A tocolytic agent such as nifedipine can delay the labor for over 48 hours (1). In a randomized study with 206 threatened preterm labor patients, after 90 minutes of administration of nifedipine, 88.3% women of the nifedipine group had no uterine contractions (10).

There is a chance that drugs like nifedipine can help in better neonatal outcome in risky pregnancies. The doctors prescribe such medications only when the need outweighs the risks.

Precaution: Consumption of grapefruit as a whole or its juice must be avoided while taking nifedipine, because the chemicals in the fruit bind with the medicine and reduce its absorption through the gut. Thus, high concentrations of the medicine can enter directly into your bloodstream, causing an overdose (11).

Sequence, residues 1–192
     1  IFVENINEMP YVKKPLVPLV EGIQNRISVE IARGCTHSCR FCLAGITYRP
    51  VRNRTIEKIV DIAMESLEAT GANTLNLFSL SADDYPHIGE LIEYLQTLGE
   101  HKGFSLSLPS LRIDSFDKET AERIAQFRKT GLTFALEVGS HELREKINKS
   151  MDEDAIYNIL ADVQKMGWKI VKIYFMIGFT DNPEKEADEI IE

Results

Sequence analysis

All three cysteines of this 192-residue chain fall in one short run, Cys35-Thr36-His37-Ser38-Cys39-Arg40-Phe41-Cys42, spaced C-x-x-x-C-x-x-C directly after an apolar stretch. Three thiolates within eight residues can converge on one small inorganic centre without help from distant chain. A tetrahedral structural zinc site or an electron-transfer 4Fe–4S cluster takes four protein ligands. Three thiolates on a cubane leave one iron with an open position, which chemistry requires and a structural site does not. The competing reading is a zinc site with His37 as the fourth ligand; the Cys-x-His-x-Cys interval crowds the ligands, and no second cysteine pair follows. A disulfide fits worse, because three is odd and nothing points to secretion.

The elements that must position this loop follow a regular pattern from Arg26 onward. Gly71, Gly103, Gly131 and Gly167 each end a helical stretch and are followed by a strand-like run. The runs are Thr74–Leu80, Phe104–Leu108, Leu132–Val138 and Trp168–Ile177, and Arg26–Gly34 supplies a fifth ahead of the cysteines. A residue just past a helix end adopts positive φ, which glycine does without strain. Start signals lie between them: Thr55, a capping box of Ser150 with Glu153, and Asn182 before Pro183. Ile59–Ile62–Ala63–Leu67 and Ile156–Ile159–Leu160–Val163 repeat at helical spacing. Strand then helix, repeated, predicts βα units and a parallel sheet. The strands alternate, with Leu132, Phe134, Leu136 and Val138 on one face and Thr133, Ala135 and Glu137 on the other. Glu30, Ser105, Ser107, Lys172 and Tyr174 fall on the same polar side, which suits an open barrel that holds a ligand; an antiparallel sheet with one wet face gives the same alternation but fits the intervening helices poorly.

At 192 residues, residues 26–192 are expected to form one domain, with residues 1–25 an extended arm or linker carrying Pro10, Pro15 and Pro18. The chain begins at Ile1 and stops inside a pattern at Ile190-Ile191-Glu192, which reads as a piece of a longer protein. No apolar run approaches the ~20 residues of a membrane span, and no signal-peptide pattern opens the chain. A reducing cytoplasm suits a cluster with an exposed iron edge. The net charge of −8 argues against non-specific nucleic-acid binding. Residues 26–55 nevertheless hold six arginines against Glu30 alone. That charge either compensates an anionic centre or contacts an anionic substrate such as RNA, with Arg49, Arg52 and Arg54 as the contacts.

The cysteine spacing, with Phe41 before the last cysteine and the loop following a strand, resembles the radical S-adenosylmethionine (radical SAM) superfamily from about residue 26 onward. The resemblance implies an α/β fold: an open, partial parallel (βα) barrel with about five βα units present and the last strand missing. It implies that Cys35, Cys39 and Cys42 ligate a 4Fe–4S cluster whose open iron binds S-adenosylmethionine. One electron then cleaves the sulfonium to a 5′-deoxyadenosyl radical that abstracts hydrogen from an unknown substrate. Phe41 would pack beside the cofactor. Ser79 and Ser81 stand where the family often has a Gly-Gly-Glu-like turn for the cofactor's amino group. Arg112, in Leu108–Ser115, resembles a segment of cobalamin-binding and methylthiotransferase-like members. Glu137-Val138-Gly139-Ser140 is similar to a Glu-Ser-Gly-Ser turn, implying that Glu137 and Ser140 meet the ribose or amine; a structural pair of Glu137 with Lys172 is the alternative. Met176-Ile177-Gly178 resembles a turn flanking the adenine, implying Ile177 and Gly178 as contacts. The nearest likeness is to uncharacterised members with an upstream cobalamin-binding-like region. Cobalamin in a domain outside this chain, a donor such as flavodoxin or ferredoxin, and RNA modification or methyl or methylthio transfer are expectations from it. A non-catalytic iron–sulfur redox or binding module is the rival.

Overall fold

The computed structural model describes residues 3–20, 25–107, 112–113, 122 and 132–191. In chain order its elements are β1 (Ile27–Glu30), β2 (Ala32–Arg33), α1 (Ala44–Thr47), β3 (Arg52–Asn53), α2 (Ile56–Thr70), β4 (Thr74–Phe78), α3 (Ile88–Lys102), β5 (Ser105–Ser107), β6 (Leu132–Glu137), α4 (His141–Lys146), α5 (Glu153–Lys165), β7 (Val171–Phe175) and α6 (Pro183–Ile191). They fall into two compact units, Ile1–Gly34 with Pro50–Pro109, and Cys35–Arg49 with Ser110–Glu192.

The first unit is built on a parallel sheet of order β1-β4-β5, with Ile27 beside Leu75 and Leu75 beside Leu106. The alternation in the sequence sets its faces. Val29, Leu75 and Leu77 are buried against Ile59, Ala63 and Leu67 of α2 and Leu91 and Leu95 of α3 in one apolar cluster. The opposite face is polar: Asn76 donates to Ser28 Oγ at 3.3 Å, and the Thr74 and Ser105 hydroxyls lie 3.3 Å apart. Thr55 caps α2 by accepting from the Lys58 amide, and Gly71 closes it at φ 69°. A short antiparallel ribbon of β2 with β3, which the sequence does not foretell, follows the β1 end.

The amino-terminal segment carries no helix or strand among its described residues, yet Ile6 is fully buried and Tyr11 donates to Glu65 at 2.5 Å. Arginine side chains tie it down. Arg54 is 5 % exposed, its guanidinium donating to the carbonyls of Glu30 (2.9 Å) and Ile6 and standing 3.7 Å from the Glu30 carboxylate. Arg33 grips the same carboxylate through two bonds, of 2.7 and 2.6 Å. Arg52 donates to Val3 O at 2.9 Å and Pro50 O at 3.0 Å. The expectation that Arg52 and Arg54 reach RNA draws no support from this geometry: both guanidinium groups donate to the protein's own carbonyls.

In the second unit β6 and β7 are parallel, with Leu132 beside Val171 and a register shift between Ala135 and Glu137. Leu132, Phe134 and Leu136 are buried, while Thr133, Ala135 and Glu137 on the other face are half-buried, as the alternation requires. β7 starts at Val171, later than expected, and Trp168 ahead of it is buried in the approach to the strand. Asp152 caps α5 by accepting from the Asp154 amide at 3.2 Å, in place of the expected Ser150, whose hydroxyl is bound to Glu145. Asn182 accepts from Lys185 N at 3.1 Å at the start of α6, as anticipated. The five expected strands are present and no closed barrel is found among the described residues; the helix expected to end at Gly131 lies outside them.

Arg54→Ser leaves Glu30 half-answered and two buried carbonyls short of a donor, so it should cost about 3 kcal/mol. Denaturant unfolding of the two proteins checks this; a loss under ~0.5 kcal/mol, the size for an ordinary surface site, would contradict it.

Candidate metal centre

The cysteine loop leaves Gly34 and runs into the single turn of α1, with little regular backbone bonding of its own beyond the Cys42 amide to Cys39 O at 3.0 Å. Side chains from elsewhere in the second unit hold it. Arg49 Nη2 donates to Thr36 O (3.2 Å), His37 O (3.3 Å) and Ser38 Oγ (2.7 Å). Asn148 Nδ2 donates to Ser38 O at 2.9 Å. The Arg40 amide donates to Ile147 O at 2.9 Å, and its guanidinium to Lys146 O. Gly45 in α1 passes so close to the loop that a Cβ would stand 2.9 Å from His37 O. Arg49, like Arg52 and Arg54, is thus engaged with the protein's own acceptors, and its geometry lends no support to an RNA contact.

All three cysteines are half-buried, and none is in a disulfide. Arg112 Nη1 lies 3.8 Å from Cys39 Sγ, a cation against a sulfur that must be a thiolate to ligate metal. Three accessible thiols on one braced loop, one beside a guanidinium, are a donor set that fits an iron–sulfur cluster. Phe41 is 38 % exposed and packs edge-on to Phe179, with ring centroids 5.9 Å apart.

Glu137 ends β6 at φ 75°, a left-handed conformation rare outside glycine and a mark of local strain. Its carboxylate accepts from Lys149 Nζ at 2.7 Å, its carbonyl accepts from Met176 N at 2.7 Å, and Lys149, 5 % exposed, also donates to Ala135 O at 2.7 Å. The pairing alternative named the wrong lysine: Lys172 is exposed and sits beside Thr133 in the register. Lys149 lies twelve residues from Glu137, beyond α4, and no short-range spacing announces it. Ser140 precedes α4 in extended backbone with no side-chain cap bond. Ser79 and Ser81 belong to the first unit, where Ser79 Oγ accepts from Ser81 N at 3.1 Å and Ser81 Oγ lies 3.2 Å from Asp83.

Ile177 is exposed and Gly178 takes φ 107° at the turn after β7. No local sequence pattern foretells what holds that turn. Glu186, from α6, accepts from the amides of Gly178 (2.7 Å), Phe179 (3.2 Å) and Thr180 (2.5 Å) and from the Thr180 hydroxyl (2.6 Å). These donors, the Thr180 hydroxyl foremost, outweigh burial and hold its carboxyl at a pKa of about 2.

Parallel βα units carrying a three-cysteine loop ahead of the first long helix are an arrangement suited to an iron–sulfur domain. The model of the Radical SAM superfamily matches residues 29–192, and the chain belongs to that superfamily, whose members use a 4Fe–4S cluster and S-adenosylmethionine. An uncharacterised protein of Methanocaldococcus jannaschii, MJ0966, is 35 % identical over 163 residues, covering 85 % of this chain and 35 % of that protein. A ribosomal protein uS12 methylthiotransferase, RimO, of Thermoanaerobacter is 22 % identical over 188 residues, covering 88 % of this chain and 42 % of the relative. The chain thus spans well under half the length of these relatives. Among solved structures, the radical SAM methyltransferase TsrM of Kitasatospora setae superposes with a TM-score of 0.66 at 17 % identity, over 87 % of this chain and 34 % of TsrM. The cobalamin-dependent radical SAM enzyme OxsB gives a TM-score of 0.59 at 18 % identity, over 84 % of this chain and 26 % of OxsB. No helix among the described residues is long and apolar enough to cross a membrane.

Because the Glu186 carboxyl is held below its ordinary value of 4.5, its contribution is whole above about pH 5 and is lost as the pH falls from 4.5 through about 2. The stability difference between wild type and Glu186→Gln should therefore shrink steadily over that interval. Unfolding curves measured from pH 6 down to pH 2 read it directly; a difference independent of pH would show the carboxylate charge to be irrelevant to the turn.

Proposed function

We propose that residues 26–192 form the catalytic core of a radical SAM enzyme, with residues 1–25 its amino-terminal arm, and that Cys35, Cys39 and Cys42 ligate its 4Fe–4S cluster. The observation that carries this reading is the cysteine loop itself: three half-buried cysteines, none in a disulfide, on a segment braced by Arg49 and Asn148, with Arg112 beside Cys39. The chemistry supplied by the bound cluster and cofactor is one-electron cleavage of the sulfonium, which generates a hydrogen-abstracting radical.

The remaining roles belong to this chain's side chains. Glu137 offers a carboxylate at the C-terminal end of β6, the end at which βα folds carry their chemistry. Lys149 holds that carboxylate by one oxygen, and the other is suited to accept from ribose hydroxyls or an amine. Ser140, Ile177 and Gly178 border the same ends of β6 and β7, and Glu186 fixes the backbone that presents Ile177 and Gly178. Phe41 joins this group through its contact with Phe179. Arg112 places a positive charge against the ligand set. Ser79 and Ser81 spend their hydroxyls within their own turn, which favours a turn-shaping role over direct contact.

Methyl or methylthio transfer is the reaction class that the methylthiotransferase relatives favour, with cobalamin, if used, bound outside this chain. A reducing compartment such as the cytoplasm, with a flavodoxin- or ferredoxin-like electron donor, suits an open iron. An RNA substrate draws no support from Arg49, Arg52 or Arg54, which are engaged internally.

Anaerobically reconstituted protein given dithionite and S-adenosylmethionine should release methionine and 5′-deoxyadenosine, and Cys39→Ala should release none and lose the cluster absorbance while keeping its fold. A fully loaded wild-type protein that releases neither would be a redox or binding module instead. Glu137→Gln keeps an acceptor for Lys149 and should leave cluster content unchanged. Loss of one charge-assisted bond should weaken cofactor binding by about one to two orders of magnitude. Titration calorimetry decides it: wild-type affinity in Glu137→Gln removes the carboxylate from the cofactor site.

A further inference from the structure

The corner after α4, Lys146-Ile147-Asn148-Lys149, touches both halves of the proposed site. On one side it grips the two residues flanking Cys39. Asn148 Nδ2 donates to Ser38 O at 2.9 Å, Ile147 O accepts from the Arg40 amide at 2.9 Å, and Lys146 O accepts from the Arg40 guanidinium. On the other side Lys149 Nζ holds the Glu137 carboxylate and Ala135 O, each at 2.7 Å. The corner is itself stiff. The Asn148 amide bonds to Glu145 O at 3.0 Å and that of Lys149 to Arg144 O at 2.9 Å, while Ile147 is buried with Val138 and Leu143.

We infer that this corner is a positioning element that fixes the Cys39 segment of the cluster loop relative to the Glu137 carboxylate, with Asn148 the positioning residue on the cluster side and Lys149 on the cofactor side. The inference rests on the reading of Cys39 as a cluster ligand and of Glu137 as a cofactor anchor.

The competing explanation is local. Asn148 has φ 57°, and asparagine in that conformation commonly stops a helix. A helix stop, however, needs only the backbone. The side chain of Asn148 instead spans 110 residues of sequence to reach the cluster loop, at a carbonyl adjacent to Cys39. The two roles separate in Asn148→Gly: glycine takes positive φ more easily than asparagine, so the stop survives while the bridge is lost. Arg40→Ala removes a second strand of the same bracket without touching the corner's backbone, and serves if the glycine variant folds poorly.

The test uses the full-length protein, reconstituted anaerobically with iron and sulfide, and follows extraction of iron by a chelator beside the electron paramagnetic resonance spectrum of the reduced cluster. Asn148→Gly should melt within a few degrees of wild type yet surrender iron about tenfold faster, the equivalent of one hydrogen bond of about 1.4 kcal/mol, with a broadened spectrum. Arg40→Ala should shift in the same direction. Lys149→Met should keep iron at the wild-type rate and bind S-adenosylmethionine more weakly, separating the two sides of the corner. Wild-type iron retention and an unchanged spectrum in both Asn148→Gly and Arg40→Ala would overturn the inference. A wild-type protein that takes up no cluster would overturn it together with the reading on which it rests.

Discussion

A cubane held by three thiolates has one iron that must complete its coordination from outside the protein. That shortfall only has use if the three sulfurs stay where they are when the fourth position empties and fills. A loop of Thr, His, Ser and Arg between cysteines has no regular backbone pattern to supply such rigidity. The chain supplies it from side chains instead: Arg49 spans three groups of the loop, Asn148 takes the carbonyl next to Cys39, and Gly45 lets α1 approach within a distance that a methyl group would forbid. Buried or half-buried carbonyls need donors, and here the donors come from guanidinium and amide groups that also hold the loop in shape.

Did you take nifedipine during pregnancy? Let us know your experience by commenting in the section below.

This post is for informational purposes only and is not a replacement for a doctor’s consultation. Do not use any medication without talking to your doctor.


MomJunction's articles are written after analyzing the research works of expert authors and institutions. Our references consist of resources established by authorities in their respective fields. You can learn more about the authenticity of the information we present in our editorial policy.
1. WHO Recommendations on interventions to improve preterm birth outcomes; World Health Organization
2. Procardia XL; The US Food and Drug Administration
3. Patricia Smith, John Anthony, Richard Johanson; Nifedipine in pregnancy; British Journal of Obstetrics and Gynaecology
4. Walters and Redman; Treatment of severe pregnancy‐associated hypertension with the calcium antagonist nifedipine; BJOG